THE REV. WILSON CARLILE 175
was still the possessor of a broad mind, as seen by his attendance at the Moody and Sankey services at Exeter Hall in 1873, an< ^ n ^ s assist ance, on the invitation of Mr Sankey, in organis ing the choir for those and similar meetings. But he frankly confesses that it was Professor Drummond who spurred him on to preaching.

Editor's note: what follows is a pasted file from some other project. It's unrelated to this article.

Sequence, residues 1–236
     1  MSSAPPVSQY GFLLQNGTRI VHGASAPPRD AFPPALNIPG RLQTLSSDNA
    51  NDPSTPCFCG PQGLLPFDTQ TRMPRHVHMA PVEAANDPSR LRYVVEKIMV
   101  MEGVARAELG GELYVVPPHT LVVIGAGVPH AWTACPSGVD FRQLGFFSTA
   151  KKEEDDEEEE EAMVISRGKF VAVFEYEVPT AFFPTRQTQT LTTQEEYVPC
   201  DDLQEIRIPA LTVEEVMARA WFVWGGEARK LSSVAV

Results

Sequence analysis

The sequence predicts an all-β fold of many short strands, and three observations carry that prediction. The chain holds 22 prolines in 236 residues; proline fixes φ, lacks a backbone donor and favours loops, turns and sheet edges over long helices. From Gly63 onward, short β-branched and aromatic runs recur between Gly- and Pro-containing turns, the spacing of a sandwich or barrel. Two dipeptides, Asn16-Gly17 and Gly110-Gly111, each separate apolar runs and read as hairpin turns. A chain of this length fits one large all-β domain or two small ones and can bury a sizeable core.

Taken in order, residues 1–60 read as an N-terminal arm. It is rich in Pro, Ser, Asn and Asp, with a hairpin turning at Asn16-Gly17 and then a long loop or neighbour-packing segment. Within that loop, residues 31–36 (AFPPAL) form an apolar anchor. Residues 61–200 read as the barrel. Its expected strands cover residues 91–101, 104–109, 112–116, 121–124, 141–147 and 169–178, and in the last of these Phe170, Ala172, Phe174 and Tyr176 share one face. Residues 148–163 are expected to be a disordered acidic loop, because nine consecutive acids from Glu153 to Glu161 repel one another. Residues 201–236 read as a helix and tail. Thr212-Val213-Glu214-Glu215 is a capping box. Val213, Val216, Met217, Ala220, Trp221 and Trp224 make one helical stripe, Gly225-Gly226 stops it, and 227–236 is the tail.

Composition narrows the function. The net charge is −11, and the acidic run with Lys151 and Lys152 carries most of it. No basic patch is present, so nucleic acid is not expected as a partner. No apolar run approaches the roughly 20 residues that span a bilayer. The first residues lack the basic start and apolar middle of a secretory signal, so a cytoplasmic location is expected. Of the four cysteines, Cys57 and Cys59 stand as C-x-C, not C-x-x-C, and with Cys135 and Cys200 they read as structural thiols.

Eventually the time came when Mr Carlile turned from his commercial calling, and under Dr Boultbee underwent a course of theological training at the London College of Divinity. Holding meetings in London beyond the Thames i.e., in Southwark he began to adopt the unconven tional methods for drawing and interesting con gregations which have rendered him conspicuous among preachers. In your Saturday morning s paper you naturally turn to the column con taining the list of "to-morrow s services and preachers in London," and you just as naturally look well down the column to see what the Rev. Wilson Carlile has in store for the people about the vicinity of London Bridge at St Mary- at-Hill the church which, located over Billings gate Fish Market, diffuses a sweeter influence than is usually attributed to that unsavoury quarter. The announcement is sure to be of something sensational, of something precisely up- to-date. Maybe the sermon will deal with some phase in the South African War, a colliery disaster, the assassination of some monarch, or,